The best results are achieved in a wood pizza oven, but you can use a baking steel (this holds heat better than a baking stone). Place the steel on the bottom rack (with all others removed) in an oven, the preheat to its maximum temperature (typically 550 F). If you want to use a baking stone, the cook time will be slightly shorter. You might also benefit by having a thin, metal pizza peel to remove your pane carasau from the oven. Directions
Place the baking steel into your oven and preheat to maximum temperature.
In a 2 cup measuring cup or small bowl, dissolve the yeast, sugar and all the water, then proof for about 15 minutes.
In a stand mixer, at first combine the all-purpose flour with salt.
Mixing on low speed, add the yeast mixture to the flour.
Mixing at a low speed, add 1/4 cup at a time of the bread flour until the dough climbs the dough hook, then knead briefly into a smooth ball on a lightly floured surface.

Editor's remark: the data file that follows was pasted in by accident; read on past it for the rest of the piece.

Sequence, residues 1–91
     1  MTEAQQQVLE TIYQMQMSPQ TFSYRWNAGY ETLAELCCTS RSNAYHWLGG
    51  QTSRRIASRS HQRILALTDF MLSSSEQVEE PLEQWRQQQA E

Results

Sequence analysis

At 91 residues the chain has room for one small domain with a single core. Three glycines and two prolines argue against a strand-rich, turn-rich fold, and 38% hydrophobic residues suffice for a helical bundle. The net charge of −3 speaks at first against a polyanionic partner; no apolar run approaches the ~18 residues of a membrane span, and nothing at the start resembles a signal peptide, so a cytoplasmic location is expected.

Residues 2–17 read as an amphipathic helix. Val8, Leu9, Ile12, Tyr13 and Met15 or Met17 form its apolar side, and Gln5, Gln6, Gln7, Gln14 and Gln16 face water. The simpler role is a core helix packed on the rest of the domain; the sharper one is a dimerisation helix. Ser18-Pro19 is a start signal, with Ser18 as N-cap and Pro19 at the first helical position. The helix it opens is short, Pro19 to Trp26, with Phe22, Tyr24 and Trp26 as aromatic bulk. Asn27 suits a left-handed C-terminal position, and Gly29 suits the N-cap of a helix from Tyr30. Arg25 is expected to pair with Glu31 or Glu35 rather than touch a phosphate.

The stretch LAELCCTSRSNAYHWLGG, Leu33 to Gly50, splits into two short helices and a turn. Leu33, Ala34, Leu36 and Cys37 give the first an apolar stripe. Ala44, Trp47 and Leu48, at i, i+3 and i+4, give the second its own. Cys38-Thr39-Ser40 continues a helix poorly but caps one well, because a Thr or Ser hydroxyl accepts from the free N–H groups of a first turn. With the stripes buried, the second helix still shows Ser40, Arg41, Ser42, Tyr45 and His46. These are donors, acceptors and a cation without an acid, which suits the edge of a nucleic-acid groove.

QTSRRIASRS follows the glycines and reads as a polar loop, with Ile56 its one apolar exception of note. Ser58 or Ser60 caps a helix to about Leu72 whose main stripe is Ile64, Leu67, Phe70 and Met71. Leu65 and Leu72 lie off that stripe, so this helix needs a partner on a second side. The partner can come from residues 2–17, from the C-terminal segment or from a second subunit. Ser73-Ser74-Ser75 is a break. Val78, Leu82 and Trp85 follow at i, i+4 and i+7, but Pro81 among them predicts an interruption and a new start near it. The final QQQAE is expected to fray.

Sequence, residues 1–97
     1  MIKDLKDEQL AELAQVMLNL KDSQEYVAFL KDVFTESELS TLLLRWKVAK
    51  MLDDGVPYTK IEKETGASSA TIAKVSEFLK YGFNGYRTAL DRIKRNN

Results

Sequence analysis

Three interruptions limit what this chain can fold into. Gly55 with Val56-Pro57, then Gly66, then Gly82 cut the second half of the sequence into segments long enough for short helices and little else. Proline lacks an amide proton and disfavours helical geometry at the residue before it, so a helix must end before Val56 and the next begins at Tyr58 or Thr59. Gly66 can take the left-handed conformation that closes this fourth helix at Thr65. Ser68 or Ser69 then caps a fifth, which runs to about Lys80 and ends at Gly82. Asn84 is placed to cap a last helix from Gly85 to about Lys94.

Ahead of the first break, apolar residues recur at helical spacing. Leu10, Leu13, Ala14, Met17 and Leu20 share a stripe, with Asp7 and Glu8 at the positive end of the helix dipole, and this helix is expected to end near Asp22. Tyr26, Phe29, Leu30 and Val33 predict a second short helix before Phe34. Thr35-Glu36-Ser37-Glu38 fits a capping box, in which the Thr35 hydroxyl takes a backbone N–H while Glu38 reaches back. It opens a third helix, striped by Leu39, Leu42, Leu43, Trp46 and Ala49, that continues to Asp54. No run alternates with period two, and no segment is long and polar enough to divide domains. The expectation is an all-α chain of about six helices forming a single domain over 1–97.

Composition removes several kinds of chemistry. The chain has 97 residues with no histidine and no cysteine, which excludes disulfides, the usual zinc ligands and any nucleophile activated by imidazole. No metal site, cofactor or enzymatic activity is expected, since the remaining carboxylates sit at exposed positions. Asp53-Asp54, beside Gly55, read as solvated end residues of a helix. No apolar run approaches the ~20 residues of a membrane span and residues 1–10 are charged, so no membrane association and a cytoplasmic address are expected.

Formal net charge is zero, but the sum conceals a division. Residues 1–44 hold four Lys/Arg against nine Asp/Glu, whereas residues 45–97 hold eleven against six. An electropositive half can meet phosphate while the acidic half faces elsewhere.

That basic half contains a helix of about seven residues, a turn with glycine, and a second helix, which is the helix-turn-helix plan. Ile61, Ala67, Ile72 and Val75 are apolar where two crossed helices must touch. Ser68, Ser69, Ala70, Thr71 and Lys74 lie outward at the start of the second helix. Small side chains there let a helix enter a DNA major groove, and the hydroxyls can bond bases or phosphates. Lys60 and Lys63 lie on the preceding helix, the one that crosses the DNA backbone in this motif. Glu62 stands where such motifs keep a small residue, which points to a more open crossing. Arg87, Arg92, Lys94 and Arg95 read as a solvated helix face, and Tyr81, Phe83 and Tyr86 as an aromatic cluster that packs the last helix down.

Place into an oiled bowl and cover with a damp, cotton kitchen towel until doubled.
Knead the dough for a second time on a lightly flowered surface for 2-3 minutes, them place back into the bowl for one more hour.
Place the dough ball onto a lightly floured surface and cut into four equal pieces.
Roll each into a long cylinder about 2'3" thick, then cutting each into small segments, each one about the side of a small dinner roll.
With cupped hands, roll each segment into a ball shape.
Using a straight rolling pin, roll out each round as thin as possible, about the size of a dinner plate.